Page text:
That’s both good and bad. The inner vision becomes very subtle after so many years of working that way. Later there will be a little change and, wow! This is different from the master! And once in a while somebody did something different. Everyone learned the tradition, had to master it, become a master, and then do something. 
     Actually that kind of learning environment is almost gone in China. Everything is developing so fast. I cannot believe China is moving so fast. In just two years there's been a big change. New enterprises. There are Yellow Cabs in Beijing! You wouldn't believe it. If you wave anywhere, a taxi stops. China is moving towards Capitalism very, very fast. Scholarship is not as important as making money, and schools are really running down. Now, who cares?

Davis:  You tell this story about when you came from China to grad school in San Diego...

Liu:  I took a class there from Allan Kaprow in the first or second year. I came from a very classical, conservative country where I had been trained very properly. I had no idea of what his class would be like, but I knew he was famous.
     One day he came to the class and said, "Let’s go!" I only knew a few people in the class. We drove to a junkyard and he said, "Let’s unload!" So we unloaded his truck. There were old chairs, bedspreads, just mounds of junk. And he had paint and brushes. Then he said, "Well, let’s do it!"
     I thought, "Do what??" I didn't know what to do. I was so scared, I didn't move. Paint and brushes were so familiar, but the setting was so weird! Finally there was a young man and he said, "Okay!"
     I think it's because he didn't know much about art that he was the bravest one. He jumped in and poured some paint—very carefully at the beginning. I watched for awhile, then I thought, "Maybe there's no rules!"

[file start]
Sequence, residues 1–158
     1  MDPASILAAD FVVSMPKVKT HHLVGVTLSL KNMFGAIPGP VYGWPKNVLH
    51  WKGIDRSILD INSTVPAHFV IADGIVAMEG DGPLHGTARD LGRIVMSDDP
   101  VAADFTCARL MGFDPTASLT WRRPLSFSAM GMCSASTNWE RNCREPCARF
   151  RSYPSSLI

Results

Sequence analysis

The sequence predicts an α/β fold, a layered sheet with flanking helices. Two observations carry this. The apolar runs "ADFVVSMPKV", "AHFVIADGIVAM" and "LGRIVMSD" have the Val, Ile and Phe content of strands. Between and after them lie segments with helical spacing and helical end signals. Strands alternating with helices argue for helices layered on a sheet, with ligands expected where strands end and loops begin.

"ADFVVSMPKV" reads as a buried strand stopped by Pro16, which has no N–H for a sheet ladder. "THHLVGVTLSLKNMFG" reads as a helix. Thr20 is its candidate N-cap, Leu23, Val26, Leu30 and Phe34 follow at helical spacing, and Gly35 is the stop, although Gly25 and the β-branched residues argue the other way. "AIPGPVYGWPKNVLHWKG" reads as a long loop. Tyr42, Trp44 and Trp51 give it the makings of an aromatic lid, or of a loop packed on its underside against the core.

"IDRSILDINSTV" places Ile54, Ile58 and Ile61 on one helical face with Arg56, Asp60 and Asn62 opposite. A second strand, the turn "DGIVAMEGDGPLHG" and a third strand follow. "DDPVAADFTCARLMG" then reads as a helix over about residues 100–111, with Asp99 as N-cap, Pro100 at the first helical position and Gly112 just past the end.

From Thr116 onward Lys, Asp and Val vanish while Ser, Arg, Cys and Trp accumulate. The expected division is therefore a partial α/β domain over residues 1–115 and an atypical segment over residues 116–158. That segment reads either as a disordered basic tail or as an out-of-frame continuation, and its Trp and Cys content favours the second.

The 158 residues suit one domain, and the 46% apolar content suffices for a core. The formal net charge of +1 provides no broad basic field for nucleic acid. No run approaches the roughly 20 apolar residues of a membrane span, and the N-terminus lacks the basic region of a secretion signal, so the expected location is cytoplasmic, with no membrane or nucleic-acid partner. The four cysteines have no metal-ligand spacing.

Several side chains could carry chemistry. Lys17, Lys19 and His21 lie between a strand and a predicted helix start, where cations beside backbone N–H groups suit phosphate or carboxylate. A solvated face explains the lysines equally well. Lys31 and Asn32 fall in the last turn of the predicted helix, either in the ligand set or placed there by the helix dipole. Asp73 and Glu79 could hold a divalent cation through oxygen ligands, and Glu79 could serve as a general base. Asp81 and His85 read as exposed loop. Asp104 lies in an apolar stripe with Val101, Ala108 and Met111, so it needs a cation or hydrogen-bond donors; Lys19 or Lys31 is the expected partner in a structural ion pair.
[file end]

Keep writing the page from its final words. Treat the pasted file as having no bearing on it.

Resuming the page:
Allan’s very smart and sly. He left this ambiguity with you, and you had to ask: "What should I do?" Then you’re just on your own.

Davis:  We say we want freedom, but when we’re left with freedom we don't know how to behave because we also want directions. When we think there are no rules and we can set them ourselves, it’s a very scary thing.

Liu:  When we say we're artists and are doing artwork we are already limited and bound by all the rules without knowing it. I remember in China a lot of people still dream of being in the free world - of being artists and doing whatever I want! But the main question is, what do you want to do?
     When you get here you can do whatever you want, and you don't know exactly what you want to do. So I faced the same thing. "Hey, you’re on your own! The government won't put you in jail." But you're waiting for some kind of advice, or instruction, somebody to tell you what to do. I think that condition doesn't just apply to artists.

Davis:  You do a lot of self-portraits. Is that a way of expressing something that needs to come out?

Liu:  I have done self-portraits in the past as a way to practice my skill. But the first so-called self portrait I really did in the U.S. is not really a self-portrait. In a classical self-portrait, you stare at yourself in reflection. I did that first one, Fortune Cookie from my green card. It was so clear to me that the intimate, timeless self-portrait from a sentimental age is gone.